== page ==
Many people who launch small businesses start out as sole proprietors. Here are nine tax rules and considerations involved in operating as that entity.
- You may qualify for the pass-through deduction. To the extent your business generates qualified business income, you are eligible to claim the 20% pass-through deduction, subject to limitations. The deduction is taken “below the line,” meaning it reduces taxable income, rather than being taken “above the line” against your gross income. However, you can take the deduction even if you don’t itemize deductions and instead claim the standard deduction.
- Report income and expenses on Schedule C of Form 1040. The net income will be taxable to you regardless of whether you withdraw cash from the business. Your business expenses are deductible against gross income and not as itemized deductions. If you have losses, they will generally be deductible against your other income, subject to special rules related to hobby losses, passive activity losses and losses in activities in which you weren’t “at risk.”
- Pay self-employment taxes. For 2020, you pay self-employment tax (Social Security and Medicare) at a 15.3% rate on your net earnings from self-employment of up to $137,700, and Medicare tax only at a 2.9% rate on the excess. An additional 0.9% Medicare tax (for a total of 3.8%) is imposed on self-employment income in excess of $250,000 for joint returns; $125,000 for married taxpayers filing separate returns; and $200,000 in all other cases. Self-employment tax is imposed in addition to income tax, but you can deduct half of your self-employment tax as an adjustment to income.
- Make quarterly estimated tax payments. For 2019, these are due April 15, June 15, September 15 and January 15, 2021.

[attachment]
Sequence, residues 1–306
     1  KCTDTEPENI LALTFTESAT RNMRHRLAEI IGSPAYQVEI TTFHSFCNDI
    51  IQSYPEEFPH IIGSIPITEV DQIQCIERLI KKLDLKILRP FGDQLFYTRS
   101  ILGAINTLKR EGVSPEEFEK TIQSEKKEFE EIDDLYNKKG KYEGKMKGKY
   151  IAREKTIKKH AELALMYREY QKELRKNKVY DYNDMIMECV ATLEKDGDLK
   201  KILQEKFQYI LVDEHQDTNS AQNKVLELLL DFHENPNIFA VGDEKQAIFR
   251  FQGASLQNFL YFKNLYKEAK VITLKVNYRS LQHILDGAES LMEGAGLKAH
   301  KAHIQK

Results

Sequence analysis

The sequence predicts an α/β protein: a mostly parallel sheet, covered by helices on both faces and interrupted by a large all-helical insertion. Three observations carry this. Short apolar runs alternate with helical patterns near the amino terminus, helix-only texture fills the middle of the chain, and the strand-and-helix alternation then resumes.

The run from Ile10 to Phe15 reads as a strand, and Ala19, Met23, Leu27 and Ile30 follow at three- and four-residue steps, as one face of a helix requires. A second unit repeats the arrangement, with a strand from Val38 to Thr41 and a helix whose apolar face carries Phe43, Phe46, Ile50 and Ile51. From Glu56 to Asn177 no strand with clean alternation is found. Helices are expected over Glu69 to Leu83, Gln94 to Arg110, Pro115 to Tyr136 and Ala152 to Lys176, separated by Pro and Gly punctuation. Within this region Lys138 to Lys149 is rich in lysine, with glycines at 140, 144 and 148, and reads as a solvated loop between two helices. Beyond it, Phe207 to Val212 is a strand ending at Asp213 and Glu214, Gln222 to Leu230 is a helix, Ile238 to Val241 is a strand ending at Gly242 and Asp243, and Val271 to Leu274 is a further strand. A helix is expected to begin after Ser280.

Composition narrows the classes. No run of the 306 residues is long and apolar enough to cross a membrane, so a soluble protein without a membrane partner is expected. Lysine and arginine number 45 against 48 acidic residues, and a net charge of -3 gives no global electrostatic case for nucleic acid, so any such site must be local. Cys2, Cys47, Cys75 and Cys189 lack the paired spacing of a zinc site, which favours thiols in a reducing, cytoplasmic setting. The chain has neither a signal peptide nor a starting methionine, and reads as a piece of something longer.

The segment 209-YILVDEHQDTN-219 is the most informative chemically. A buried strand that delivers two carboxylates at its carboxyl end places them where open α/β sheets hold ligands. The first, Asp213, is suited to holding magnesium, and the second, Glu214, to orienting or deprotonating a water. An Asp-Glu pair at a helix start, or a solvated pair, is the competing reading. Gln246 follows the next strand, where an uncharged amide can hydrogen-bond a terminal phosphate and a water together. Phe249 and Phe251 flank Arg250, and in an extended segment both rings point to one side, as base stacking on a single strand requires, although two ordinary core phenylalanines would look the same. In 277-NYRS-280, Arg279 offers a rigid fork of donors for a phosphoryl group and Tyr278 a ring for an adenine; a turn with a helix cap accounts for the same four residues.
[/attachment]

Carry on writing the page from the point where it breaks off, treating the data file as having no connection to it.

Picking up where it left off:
- You may be able to deduct home office expenses. If you work from a home office, perform management or administrative tasks there, or store product samples or inventory at home, you may be entitled to deduct an allocable portion of some costs of maintaining your home. And if you have a home office, you may be able to deduct expenses of traveling from there to another work location.
- You can deduct 100% of your health insurance costs as a business expense. This means your deduction for medical care insurance won’t be subject to the rule that limits medical expense deductions.
- Keep complete records of your income and expenses. Specifically, you should carefully record your expenses in order to claim all the tax breaks to which you’re entitled. Certain expenses, such as automobile, travel, meals, and office-at-home expenses, require special attention because they’re subject to special recordkeeping rules or deductibility limits. Please feel free to reference our Individual Record Retention guidelines.
- If you hire employees, you need to get a taxpayer identification number and withhold and pay employment taxes.
- Consider establishing a qualified retirement plan. The advantage is that amounts contributed to the plan are deductible at the time of the contribution and aren’t taken into income until they’re are withdrawn. Because many qualified plans can be complex, you might consider a SEP plan, which requires less paperwork. A SIMPLE plan is also available to sole proprietors that offers tax advantages with fewer restrictions and administrative requirements. If you don’t establish a retirement plan, you may still be able to contribute to an IRA. You can read more about retirement plans for businesses in our article, “What are the Best Retirement Plans for Businesses Large and Small: 401(k) vs. SEP-IRA vs. SIMPLE IRA.”
If you want additional information regarding the tax aspects of your new business, or if you have questions about reporting or recordkeeping requirements, please contact us.